Opinion

What are we going to expect from nominees for EALA?

It is reported that the Transitional National Legislative Assembly (TNLA) has submitted the list of the candidates for the appointment of members for the East African Legislative Assembly (EALA). Before a proper comprehensive and fair selection for the nomination was made, the ruling party had singly passed the names of candidates who would represent South Sudan as the first honorable members in the EALA. But lucky enough the committee from EALA rejected the names of the nominee after a certain South Sudanese lawyer in Kenya accused the government about the selection criteria. See how messy our politics is. With the current civilization most of the countries in Africa which are struggling to achieve democracy are realizing that the system of inclusiveness is better than short sight complicated political projects.  But in South Sudan our journey to achieve and to be a democratic nation is still very far away. We don’t know whether the current political operators in the system will take us there. The reason is because politics is being interrupted by tribalism. There are some cliques in the system busy engaging in tribalism for political purpose(s) so that they will keep on mismanaging public funds and so forth. I even doubt whether we are going to reach a level of democracy that will put the system in place and order.

Do the nominees from the country know what they are going to do in EALA? Are they going with a mind free from the muddy politics? Will they campaign seriously to rescue South Sudan from a total economic collapse by telling EALA the nation is in urgent need of support?  If they are going to promote the agenda of the government alone without the interest of the public as a top priority, then there joining of the EALA will be of a less value.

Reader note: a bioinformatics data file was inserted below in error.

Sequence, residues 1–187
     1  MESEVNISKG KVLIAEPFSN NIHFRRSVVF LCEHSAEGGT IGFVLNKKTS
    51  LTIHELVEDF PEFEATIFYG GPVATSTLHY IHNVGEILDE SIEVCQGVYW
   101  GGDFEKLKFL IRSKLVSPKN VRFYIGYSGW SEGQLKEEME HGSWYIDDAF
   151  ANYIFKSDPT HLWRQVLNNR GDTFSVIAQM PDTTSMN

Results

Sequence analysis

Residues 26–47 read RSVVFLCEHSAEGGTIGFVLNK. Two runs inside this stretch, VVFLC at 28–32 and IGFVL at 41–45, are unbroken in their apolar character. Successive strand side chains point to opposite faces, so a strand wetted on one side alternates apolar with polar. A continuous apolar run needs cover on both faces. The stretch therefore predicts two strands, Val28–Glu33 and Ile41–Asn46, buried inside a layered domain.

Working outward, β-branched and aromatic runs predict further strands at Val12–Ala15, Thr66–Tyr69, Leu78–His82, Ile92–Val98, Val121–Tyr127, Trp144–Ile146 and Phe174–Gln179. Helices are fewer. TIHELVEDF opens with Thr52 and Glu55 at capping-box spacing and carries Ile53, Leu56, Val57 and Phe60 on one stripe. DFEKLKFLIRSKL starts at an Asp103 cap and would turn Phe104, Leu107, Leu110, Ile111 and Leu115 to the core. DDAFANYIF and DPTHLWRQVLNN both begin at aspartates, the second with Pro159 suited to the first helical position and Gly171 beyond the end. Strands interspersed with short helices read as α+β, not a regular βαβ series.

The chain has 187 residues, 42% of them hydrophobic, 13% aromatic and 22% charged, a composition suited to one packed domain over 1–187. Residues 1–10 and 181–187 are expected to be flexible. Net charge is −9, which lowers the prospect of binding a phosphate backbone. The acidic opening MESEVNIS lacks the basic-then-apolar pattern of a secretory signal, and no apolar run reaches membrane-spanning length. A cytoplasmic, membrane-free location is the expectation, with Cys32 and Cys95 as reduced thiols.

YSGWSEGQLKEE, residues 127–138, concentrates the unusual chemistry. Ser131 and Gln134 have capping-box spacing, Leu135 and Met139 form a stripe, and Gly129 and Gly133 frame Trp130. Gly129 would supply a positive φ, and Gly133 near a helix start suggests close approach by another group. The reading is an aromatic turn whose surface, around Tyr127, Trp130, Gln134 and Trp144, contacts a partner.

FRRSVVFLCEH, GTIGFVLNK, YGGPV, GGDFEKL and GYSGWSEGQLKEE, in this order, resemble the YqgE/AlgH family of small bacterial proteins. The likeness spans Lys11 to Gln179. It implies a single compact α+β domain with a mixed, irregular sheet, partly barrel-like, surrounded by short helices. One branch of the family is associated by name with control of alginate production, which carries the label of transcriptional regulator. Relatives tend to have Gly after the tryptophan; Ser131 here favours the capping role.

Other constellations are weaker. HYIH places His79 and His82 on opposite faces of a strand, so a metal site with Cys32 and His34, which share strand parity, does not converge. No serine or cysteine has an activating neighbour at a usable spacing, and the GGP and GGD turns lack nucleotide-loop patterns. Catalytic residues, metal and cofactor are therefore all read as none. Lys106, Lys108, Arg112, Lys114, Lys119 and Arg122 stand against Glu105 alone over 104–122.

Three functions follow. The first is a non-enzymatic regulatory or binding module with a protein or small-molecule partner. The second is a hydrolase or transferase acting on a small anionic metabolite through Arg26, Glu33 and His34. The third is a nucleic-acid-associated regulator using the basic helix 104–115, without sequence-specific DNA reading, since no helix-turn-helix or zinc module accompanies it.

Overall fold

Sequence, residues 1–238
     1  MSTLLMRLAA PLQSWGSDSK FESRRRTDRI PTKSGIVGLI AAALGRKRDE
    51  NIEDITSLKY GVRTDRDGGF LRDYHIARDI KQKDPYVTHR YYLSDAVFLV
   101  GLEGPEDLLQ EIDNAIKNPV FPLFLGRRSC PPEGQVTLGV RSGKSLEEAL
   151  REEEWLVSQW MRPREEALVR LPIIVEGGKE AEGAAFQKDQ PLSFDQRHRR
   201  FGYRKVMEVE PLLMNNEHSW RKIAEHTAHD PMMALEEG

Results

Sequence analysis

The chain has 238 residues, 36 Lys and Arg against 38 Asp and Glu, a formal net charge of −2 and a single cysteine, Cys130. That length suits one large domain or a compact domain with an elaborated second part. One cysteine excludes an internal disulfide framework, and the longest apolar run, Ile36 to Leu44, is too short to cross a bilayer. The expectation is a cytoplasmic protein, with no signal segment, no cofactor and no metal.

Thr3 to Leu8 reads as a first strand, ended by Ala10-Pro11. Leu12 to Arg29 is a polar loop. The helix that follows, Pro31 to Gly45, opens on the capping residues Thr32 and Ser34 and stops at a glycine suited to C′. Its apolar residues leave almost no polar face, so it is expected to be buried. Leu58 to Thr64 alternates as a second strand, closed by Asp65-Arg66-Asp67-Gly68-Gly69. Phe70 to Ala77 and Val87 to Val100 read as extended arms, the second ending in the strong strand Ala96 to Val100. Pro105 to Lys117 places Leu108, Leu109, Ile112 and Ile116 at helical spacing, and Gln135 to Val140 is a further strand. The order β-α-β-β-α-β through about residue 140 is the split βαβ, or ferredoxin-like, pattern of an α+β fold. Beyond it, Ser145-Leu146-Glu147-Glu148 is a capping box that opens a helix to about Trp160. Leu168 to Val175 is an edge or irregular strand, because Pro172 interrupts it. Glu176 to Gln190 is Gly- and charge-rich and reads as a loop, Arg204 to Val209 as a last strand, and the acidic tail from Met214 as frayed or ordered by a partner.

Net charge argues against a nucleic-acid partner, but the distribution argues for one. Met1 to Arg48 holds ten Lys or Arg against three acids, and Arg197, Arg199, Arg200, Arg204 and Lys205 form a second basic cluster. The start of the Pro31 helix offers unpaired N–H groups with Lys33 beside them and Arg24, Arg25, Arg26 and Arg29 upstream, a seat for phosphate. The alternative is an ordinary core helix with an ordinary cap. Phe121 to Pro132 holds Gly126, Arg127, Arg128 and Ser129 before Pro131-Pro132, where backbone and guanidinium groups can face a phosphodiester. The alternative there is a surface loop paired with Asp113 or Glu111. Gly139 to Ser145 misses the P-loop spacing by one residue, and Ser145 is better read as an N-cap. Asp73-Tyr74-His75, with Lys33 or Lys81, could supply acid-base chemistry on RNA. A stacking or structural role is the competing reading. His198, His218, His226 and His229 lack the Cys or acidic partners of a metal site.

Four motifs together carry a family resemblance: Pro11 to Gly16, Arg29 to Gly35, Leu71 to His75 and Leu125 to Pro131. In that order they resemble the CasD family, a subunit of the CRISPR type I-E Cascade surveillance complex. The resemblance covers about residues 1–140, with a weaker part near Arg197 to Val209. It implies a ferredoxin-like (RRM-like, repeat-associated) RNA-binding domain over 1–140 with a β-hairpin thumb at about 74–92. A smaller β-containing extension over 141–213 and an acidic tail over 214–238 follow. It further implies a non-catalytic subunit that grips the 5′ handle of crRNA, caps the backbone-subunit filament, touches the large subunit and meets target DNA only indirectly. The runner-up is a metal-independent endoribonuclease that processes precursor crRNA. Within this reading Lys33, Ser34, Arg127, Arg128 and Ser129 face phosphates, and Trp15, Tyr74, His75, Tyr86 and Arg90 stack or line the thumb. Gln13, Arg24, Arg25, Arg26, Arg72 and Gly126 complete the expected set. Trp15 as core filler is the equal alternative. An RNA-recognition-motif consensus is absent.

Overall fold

The proposed upcoming South Sudanese who will soon join the EALA should leave aside what will not help our country and carry on something that will solve the economic crisis in the country as well as the political instability.

I felt proud when the latest list of the names of the candidates who would join the EALA is a little bit fair and inclusive. Some of the candidates are young and energetic and with more advice, the may do better in favor of peace and stability in South Sudan. If they are going to sit and talk about issues that will solve economic disaster in the country, the economic situation will progress.  The nominees for EALA should speak out. They should address the economic and political situation properly. They should ask for support from the members of EALA. I believe the members of EALA should seek for a solution to end the crisis in the country because the executive committee from all the East African community is not doing much. Recently they visited South Sudan, and they ended up with some unfavorable proposals.

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